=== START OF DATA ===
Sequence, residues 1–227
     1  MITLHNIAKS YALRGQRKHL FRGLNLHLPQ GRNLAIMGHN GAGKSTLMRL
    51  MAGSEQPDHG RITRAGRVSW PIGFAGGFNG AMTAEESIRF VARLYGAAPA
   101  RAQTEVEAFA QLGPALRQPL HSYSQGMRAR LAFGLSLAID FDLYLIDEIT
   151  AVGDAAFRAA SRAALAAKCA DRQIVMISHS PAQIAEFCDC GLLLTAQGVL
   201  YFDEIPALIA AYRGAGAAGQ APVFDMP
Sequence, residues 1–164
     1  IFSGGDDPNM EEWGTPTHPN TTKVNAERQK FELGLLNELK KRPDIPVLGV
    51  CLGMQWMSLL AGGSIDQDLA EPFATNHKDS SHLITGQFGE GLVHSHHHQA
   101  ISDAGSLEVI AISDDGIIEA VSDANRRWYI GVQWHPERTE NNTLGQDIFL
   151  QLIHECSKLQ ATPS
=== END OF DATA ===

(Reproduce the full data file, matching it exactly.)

Sequence, residues 1–227
     1  MITLHNIAKS YALRGQRKHL FRGLNLHLPQ GRNLAIMGHN GAGKSTLMRL
    51  MAGSEQPDHG RITRAGRVSW PIGFAGGFNG AMTAEESIRF VARLYGAAPA
   101  RAQTEVEAFA QLGPALRQPL HSYSQGMRAR LAFGLSLAID FDLYLIDEIT
   151  AVGDAAFRAA SRAALAAKCA DRQIVMISHS PAQIAEFCDC GLLLTAQGVL
   201  YFDEIPALIA AYRGAGAAGQ APVFDMP
Sequence, residues 1–164
     1  IFSGGDDPNM EEWGTPTHPN TTKVNAERQK FELGLLNELK KRPDIPVLGV
    51  CLGMQWMSLL AGGSIDQDLA EPFATNHKDS SHLITGQFGE GLVHSHHHQA
   101  ISDAGSLEVI AISDDGIIEA VSDANRRWYI GVQWHPERTE NNTLGQDIFL
   151  QLIHECSKLQ ATPS